What society puts on you vs reality

One of the things I really struggle with both in pregnancy, and since giving birth, is the image society and mainly the media give you about how it’s meant to be. For example, in pregnancy many mums expect all their nausea/ sickness to disappear overnight at 13 weeks, and to suddenly start “glowing”. Pregnancy is built up in the media to be this most amazing period in your life, full of amazing hair, skin and nails, looking amazing and feeling fantastic while growing this new life inside you.

I can honestly say in all 3 of my pregnancies I have never felt “glowing”. I’ve felt exhausted, fat, nauseous to the point of wishing I was being sick, gestational diabetes requiring insulin. I’ve had a pelvis struggling to stay together, a baby spending the pregnancy sat on my sciatic nerve, a baby that kept having kidneys that were too full at each scan, so they kept having to check. Each of the 3 has been stressful for different reasons (and yes maybe I was mad choosing to go through it again?!) Each time was 9 months of struggle.

It’s meant to be a time when you start to bond with you baby. With my last 2 pregnancies I had reduced movements., which actually makes this bonding difficult. In fact with my last pregnancy, I barely felt any movement from 28 weeks, so bonding was really hard. The only thing that helped, were the regular scans that I had for the diabetes. At no point was it a period where I felt I met societies pictures of a glowing and radiant mother to be.

Maybe I am a lucky one, in that the actual births have all been quick. Although this again has it’s own issues. I manage to avoid the perceived 24+ hours of crazy pain, screaming for an epidural, etc etc. I will admit there are certain points when my language would be more explicit than normal, and times near the end when I thought I couldn’t cope with any more pain. But I can’t complain.

But then comes the period of becoming a mummy to a newborn. The fourth trimester. The other period where the media makes out you should be glowing with the joys of your newborn, enjoy showing them off to the world, let the world smother them with love too. Well I’ve never experienced this either. I am currently nearing the end of the fourth trimester for the third, and final, time. I can say that the last 11 weeks have been a challenge. There are days when I struggle to get up and get dressed and function. Days when I have just kept myself hidden away from the world. I still struggle to let others hold my precious, beautiful daughter. I am tired. My husband is tired. Broken night after broken night takes its toll. Night after night with a baby lying on one or other of you for the whole night is exhausting. Yes, it’s what you sign up for in one sense, but it’s not the reality.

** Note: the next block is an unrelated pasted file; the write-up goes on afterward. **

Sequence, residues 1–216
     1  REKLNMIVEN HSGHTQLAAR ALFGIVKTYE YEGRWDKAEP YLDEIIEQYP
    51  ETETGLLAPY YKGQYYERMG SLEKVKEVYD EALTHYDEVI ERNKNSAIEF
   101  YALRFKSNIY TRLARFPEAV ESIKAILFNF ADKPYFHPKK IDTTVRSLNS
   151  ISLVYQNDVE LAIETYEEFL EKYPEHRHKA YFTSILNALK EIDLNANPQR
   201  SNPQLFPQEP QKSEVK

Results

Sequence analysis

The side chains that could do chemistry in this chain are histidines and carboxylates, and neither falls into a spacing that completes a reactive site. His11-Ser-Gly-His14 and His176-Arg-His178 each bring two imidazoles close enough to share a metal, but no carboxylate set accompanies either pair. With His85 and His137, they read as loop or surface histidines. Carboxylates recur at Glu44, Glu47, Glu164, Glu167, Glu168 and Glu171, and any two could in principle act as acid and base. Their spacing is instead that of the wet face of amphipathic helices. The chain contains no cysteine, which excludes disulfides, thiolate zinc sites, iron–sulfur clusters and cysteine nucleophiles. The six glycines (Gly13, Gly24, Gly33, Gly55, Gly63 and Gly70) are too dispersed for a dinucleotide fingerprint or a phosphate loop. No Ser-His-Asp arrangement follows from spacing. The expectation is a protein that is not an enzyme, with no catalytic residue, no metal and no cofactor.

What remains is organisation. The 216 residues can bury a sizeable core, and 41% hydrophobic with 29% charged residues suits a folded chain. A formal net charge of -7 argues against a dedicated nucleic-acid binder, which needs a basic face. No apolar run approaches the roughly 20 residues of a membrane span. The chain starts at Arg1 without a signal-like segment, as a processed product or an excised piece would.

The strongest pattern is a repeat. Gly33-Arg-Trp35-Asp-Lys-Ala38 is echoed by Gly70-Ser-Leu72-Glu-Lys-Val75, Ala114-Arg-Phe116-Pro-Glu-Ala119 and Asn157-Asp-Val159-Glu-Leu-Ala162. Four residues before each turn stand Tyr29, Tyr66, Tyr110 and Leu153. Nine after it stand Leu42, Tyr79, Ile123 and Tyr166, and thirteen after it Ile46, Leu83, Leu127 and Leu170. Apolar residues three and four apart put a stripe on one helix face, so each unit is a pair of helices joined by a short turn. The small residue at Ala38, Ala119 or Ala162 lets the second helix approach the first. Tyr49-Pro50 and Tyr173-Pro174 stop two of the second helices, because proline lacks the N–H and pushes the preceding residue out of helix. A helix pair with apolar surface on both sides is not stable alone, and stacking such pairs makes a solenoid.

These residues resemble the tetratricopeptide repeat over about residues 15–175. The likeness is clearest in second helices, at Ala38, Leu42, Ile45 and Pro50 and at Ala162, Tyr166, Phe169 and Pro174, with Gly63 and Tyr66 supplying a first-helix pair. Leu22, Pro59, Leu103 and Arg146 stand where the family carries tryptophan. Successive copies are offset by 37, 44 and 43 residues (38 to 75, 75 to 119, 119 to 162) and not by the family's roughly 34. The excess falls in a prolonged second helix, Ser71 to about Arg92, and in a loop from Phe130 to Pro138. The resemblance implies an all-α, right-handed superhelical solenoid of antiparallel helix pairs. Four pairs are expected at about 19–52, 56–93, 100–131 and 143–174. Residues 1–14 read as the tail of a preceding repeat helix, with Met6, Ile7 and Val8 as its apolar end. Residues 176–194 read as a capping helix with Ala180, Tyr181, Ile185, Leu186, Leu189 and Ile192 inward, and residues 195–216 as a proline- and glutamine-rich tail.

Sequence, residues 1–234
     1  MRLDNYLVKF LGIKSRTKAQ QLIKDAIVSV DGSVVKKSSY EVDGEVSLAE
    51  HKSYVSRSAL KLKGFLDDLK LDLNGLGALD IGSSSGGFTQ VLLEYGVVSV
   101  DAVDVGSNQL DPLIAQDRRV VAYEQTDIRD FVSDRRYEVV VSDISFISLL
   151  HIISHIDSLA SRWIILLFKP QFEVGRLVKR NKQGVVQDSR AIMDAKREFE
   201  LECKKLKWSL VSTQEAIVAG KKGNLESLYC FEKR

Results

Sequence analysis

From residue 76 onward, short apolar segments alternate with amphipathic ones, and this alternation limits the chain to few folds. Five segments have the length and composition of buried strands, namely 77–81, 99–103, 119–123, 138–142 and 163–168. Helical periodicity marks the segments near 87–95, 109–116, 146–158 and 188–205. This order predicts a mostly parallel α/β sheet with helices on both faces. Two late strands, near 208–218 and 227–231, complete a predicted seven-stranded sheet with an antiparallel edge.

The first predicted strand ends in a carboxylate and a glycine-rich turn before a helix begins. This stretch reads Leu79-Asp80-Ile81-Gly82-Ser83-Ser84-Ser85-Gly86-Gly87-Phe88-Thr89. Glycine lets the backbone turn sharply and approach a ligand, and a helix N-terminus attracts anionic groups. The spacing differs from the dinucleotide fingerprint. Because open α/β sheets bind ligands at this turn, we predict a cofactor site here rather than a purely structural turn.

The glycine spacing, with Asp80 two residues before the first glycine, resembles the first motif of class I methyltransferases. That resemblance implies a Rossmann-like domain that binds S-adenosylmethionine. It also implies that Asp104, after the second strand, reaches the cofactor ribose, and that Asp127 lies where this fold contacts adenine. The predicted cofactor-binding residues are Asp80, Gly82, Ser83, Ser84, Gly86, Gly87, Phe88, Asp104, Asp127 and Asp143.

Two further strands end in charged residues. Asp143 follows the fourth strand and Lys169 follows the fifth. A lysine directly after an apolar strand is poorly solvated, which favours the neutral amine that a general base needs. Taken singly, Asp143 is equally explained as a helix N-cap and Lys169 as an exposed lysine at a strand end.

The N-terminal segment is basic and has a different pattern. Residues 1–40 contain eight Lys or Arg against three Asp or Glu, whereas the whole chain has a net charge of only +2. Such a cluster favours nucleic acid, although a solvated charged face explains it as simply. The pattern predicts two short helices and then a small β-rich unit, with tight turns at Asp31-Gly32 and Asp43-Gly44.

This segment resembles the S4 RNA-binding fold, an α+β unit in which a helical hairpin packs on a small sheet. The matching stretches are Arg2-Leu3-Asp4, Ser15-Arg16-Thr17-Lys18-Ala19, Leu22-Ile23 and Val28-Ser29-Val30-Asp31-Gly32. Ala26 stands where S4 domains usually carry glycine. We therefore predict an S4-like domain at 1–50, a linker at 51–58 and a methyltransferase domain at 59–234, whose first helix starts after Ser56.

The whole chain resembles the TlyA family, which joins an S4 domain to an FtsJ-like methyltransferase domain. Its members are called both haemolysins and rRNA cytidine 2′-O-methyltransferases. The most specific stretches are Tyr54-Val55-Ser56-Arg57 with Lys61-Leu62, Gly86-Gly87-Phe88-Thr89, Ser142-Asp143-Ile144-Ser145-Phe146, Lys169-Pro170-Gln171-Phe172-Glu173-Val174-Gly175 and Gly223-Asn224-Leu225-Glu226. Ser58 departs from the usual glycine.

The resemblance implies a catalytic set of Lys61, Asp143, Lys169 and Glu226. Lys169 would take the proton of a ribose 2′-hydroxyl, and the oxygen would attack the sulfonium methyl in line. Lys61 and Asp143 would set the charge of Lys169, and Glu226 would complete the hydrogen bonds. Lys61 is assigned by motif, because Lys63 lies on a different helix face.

I wouldn’t be without any of my children, but I wish the media and society would change their expectations on mums to be and new mums. It doesn’t matter if you are a first or a fifth time mum. It still comes with challenges and sturggles as well as the joys and smiles that make every day worth while.

One thought on “What society puts on you vs reality”

  1. So true Rachel. I remember giving birth the first time and expecting that “overwhelming rush of emotion and love when you first see you newborn” that everyone seems to talk about. It didn’t hapen. I felt absolute relief that the labour was over but as for the baby on my chest… he was skinny and bony and felt strange and I almost felt like it wasn’t real, but not in a good way. I felt guilty and disappointed about that and I can’t say it got any better quickly — repeated bouts of mastitis and what felt like constant crying (from both baby and me) ensured it took a long time to feel rushes of love. The expectation that things will be wonderful makes it so much harder when it’s not.


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